Interested in starting your own entrepreneurial journey but unsure what to expect? Then read up on our interview with Jillian Zambon, Founder of The Parent Project, located in Nokomis, FL, USA.

What's your business, and who are your customers?

The Parent Project is an organization that helps single moms beat overwhelm and attain financial stability. We offer book authoring opportunities, speaking opportunities, staffing services, and more.

Tell us about yourself

I started this business because I have been a single mom for over eight years. For the longest time, it was embarrassing for me to tell anyone my story or admit that I am a single mom.

I'm highly educated, highly successful, and not someone you would expect to be a single mom. I realized other women were likely carrying that burden of embarrassment as well, and I wanted to allow them to express their stories positively.

What's your biggest accomplishment as a business owner?

My biggest accomplishment is the book I am working on with 14 other authors, Shattering the Stigma of Single Motherhood. In this book, we will dis-spell the myths and stigma surrounding single moms and show ourselves as the powerful, independent women we indeed are.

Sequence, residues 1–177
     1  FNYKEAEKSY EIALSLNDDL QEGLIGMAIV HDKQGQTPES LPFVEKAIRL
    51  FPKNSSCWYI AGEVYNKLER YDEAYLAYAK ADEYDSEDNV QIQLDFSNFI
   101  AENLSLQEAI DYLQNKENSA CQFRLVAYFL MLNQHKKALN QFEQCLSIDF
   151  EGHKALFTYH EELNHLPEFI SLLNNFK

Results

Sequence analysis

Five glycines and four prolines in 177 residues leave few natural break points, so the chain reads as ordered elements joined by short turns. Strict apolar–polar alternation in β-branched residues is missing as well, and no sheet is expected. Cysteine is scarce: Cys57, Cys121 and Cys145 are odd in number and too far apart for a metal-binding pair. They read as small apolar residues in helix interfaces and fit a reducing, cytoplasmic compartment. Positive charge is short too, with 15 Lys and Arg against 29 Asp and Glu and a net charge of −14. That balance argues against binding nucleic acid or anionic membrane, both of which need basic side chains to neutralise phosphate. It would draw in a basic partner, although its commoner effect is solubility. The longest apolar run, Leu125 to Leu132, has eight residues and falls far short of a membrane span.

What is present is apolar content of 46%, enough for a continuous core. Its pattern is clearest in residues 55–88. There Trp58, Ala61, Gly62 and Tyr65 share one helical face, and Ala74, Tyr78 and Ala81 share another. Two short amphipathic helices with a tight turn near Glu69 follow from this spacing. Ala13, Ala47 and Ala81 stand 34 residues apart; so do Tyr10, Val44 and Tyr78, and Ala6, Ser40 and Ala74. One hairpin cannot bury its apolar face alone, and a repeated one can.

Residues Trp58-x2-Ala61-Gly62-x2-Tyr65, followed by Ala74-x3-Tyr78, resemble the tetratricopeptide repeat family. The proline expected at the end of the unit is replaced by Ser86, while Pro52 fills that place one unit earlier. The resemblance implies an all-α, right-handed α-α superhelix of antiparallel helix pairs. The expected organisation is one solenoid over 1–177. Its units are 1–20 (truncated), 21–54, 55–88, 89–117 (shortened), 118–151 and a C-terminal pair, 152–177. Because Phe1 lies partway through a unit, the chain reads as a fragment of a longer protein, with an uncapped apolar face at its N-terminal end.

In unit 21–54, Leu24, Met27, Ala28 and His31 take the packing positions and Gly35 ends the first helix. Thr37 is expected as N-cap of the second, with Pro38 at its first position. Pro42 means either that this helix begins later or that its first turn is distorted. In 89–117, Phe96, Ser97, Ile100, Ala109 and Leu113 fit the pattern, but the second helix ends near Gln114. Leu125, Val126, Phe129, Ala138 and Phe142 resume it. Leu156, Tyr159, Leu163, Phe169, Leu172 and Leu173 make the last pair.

What's one of the hardest things that come with being a business owner?

Even when you are trying to do something right in the world, there are still people who will try to bring you down. Small mistakes you make as a business owner are used as threats against your business reputation, and it's almost like people forget that behind a business brand is an actual human being with feelings.

What are the top tips you'd give to anyone looking to start, run and grow a business today?

  1. Start small and organic. Make sure there is a market before you try to build something HUGE.
  2. Have a strong and relatable brand story. I started an e-commerce brand in 2020, and it failed. I honestly believe most of that failure is attributed to not having a brand story.
  3. Don't tell anyone your idea until it is a solid business. Family, friends, and people closest to you might say it's a bad idea or that you're crazy about starting a business. I would keep the idea for yourself and a business mentor and not look for support or feedback from those closest to you.

Where can people find you and your business?


If you like what you've read here and have your own story as a solo or small business entrepreneur that you'd like to share, then please answer these interview questions. We'd love to feature your journey on these pages.

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